In a move toward meeting goals for better cardiovascular health in the United States over the next decade, the American Heart Association (AHA) is joining the Centers for Disease Control and Prevention’s National Hypertension Control Roundtable (NHCR)® along with other founding members in a public, private and non-profit collaboration committed to increasing blood pressure control rates to 80% by 2025.
Lifestyle changes – like eating healthier and exercising – can reduce the need for antihypertensive medications, and they can do it pretty quickly, according to a study presented at the American Heart Association's Joint Hypertension 2018 Scientific Sessions.
Study participants with high blood pressure saw significant improvement within 16 weeks after making lifestyle changes. Such changes are the first step in reducing blood pressure according to the 2017 American College of Cardiology/American Heart Association Hypertension Guideline.
Firefighters who died from cardiac arrest were much more likely than those who died of other causes to show signs of both atherosclerotic and hypertensive heart disease at autopsy, according to new research in Journal of the American Heart Association, the Open Access Journal of the American Heart Association/American Stroke Association.
Even as a young adult, being overweight may cause higher blood pressure and thicken heart muscle, setting the stage for heart disease later in life, according to new research in the American Heart Association’s (AHA) journal Circulation.
Approximately 75 percent of black and men women are likely to develop high blood pressure by the age of 55, compared to 55 percent of white men and 40 percent of white women in the same age range, according to new research in Journal of the American Heart Association, the Open Access Journal of the American Heart Association/American Stroke Association.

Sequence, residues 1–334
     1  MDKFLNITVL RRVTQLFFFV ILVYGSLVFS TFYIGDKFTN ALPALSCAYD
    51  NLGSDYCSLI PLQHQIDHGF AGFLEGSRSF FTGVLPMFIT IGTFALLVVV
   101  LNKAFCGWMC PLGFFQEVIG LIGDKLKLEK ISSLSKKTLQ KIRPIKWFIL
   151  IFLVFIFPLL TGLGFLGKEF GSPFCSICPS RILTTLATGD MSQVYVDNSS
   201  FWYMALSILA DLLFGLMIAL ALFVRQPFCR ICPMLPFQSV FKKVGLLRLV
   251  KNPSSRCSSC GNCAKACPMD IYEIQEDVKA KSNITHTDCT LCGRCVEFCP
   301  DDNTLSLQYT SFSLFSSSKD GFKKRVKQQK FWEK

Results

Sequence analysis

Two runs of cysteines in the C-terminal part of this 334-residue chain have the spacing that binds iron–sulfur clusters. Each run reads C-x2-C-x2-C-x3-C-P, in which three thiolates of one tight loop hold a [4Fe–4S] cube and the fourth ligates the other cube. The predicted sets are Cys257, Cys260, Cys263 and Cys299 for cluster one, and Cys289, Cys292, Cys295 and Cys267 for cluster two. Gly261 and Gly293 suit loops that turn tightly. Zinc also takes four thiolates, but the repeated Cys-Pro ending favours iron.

Crossing your legs or even talking are among the seven common errors that can lead to inaccurate blood pressure readings, according to the American Heart Association (AHA).
The organization is using May - National High Blood Pressure Education Month – to bring to light these measurement mistakes – all of which can lead to an artificially high reading:
A new study may take some of the pleasure out of those burgers you enjoy grilling in your backyard. Researchers found that people who regularly eat meat, chicken and fish grilled, broiled or roasted at high temperatures are more likely to develop high blood pressure – although they were careful to note that they identified a trend, not a cause-and effect.
An international study suggests other aspects of the diet may not offset the harmful effect of sodium on blood pressure. The study, published in the American Heart Association’s (AHA) journal Hypertension, also reaffirms the need for widespread sodium reduction in the food supply.
Researchers reviewed data on sodium intake and intake of 80 nutrients, such as proteins, fats, vitamins, minerals and amino acids, that may relate to blood pressure in 4,680 women and men (ages 40-59) in Japan, People’s Republic of China, the United Kingdom and the United States participating in the INTERMAP study.
Little is known about the cardiovascular risks for miners in the US as most research to date has focused on respiratory illness. Potential mining-related risk factors for cardiovascular disease such as particulate matter, carbon monoxide, noise, vibration, temperature extremes, and shift work combined with personal risk factors can put miners at greater risk of poor cardiovascular health.
From neighbors and traffic to trains and pets, noise is a part of our everyday lives. But there are serious repercussions when it comes to daily exposure to high noise levels. It’s important to stay aware of how noise can affect you—both physically and emotionally—and learn how you can protect yourself from noise pollution.